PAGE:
Police Agree to Many of Protesters' Rules, St. Louis Mayor Says

Demonstrators protest the shooting death of Michael Brown near the police station on November 21, 2014 in Ferguson, Missouri.

Photo by Scott Olson/Getty Images

As a Missouri grand jury decides whether to indict a white police officer who killed an unarmed black teenager, police are touting positive talks with protesters, schools are closing and President Barack Obama is warning against violence.

Police have had “real, significant, meaningful discussions and conversations,” St. Louis Mayor Francis Slay said yesterday.

“This is our city, this is our region and we live here together,” Slay said during a press conference in Clayton, Missouri. “We instructed our police officers to protect the protesters’ constitutional rights.”

Police have been readying for protests across the nation after the jury decides whether to charge Darren Wilson in the Aug. 9 killing of 18-year-old Michael Brown in Ferguson. Demonstrations are planned in 100 cities in 37 states.

Obama, who spoke in an interview that will air tomorrow on ABC’s “This Week,” urged people in Ferguson to “keep protests peaceful.”

“Using any event as an excuse for violence is contrary to the rule of law and contrary to who we are” as a nation, Obama said in a released clip.

The 2,600-student Jennings School District, near Ferguson, will be closed Nov. 24 and Nov. 25 in advance of a previously scheduled break for Thanksgiving, Superintendent Tiffany Anderson said.

“I anticipate that our community is going to be peaceful, but if unrest happens and it’s not, we know we’re not worrying about closing schools on Sunday night,” Anderson said.

Street Workers

In St. Louis yesterday, members of New York activist Al Sharpton’s National Action Network group promised to send dozens of “justice disciples” into the streets to maintain order, an attorney for Brown’s family said.

“We will make an attempt to maintain a vigilant presence during any and all pro-democracy demonstrations,” said Anthony Gray. “Let’s just face it: The city is really in a panic.”

Eddie Hassan, director of the Justice Disciples group, said more than 50 people have signed up to maintain peace among protesters and keep law enforcement accountable for its actions.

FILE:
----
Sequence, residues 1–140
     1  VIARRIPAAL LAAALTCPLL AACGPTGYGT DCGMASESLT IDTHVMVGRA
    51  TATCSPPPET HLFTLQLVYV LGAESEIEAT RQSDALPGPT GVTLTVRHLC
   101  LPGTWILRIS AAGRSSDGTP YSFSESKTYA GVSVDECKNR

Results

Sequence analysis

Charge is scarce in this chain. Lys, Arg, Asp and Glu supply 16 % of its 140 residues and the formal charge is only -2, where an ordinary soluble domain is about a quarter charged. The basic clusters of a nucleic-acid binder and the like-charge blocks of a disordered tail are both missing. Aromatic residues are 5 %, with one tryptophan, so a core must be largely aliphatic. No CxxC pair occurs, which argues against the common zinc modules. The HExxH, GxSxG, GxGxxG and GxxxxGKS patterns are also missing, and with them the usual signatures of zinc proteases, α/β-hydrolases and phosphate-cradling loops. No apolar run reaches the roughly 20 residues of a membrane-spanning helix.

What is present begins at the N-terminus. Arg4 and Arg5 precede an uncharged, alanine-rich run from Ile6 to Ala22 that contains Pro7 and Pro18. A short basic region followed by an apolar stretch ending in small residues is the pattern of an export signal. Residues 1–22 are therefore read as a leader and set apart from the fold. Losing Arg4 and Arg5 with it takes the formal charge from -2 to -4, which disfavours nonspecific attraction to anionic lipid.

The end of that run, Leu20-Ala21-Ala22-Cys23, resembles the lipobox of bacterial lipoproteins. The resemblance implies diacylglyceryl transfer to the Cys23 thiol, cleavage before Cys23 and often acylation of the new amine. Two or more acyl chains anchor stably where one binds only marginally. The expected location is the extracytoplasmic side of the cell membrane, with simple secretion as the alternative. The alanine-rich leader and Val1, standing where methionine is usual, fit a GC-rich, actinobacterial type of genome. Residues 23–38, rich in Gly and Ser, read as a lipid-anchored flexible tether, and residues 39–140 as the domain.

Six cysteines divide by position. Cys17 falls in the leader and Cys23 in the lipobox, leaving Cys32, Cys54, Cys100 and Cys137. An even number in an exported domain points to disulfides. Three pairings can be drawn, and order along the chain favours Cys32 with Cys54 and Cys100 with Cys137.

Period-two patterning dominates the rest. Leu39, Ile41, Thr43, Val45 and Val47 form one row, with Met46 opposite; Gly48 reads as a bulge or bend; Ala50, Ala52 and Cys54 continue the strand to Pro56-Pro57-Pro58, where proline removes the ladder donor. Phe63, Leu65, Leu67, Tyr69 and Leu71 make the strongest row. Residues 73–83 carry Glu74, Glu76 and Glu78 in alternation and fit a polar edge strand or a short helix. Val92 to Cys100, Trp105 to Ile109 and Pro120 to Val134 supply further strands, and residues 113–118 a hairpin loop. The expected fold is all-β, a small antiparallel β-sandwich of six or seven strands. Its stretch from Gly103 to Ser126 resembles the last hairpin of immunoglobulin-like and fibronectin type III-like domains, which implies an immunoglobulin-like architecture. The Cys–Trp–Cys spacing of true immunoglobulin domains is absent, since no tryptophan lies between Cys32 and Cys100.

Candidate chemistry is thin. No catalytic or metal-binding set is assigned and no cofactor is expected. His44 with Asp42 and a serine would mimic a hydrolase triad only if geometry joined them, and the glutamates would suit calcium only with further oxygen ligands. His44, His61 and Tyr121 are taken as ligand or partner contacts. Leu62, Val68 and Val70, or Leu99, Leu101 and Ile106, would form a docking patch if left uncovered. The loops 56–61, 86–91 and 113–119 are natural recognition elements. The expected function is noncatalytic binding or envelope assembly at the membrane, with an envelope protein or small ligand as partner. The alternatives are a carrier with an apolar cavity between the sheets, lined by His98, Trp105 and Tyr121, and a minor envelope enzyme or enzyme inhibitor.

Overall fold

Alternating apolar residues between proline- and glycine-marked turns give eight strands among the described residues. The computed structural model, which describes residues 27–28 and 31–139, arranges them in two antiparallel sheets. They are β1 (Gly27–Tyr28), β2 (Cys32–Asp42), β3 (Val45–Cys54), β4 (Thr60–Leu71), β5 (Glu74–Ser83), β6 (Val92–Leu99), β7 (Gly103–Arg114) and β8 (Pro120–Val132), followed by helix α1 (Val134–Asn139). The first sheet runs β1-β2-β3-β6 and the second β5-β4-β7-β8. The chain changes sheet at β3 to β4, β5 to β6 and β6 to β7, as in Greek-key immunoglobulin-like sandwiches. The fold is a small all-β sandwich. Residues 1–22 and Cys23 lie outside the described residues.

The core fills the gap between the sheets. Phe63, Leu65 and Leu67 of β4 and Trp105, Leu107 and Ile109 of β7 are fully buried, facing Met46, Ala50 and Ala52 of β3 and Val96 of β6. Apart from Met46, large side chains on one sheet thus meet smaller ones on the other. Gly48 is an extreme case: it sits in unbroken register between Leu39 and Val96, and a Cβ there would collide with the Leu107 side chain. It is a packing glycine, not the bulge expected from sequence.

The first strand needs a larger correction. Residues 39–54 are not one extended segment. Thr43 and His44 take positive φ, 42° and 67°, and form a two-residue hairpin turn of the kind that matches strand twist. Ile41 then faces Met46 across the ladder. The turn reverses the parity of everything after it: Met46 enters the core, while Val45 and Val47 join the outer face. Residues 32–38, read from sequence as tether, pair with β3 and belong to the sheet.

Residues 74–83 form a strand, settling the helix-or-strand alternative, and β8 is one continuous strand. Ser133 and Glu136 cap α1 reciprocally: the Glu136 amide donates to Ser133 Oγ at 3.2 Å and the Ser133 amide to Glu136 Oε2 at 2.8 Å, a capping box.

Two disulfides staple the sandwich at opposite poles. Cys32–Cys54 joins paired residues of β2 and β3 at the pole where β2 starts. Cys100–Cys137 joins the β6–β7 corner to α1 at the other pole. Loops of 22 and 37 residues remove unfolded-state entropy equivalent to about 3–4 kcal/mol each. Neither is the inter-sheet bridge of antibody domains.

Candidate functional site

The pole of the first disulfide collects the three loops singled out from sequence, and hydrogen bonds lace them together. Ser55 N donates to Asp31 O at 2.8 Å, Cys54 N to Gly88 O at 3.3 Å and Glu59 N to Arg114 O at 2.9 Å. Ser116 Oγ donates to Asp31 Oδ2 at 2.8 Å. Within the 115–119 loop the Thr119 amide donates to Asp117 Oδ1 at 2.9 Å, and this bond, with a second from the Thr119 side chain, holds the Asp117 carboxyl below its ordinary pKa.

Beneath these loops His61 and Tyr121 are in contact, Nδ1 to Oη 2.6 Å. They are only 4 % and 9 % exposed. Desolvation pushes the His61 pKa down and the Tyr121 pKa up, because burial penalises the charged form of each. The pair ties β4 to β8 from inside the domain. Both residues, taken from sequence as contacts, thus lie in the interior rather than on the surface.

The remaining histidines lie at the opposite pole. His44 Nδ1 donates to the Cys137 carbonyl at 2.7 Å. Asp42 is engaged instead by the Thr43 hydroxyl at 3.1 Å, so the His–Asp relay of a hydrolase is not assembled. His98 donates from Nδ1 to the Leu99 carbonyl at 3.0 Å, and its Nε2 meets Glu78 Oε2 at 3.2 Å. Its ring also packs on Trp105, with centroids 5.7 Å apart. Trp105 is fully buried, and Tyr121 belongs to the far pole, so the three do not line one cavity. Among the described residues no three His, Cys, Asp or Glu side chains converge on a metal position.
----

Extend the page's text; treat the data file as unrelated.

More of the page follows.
“We’re looking for the police departments, the National Guard, the Homeland Security to be equally committed to peaceful demonstrations, and peaceful expressions from our community,” he said.

Pre-Storm Calm

Yesterday evening, more than 100 people gathered at Harris-Stowe State University at a “peace rally” organized by the Young Citizens Council of St. Louis, a group created after Brown’s death. They heard speeches and musical performances.

“There’s a lot of ambiguity about what’s going to happen next,” Charli Cooksey, a 27-year-old co-founder, said in an interview. “And we want to provide young people with a safe place to convene before the unknown happens.”

At the Clayton news conference earlier, St. Louis County Executive Charlie A. Dooley said that authorities including the city and county police chiefs met with protest leaders to discuss demonstrators’ 19 proposed “rules of engagement,” meant to head off violent confrontations like those that wracked the area after Brown’s death.

Law enforcement officials agreed to most either because they made sense or police were already doing them, Slay said. Police didn’t agree to demands that would have limited officers’ ability to protect people and property, Slay said.

If protesters are nonviolent, police won’t be aggressive, Slay said. If people commit civil disobedience, they will, in most cases, get a chance to obey the law before arrest, he said.

Tory Russell, co-founder of the Hands Up United protest group, said suppressing an eruption could be difficult if the grand jury doesn’t indict Wilson.

“People will pour out into the streets,” he said. “You’re going to have a lot of grieving, hurt people ready to express themselves.”

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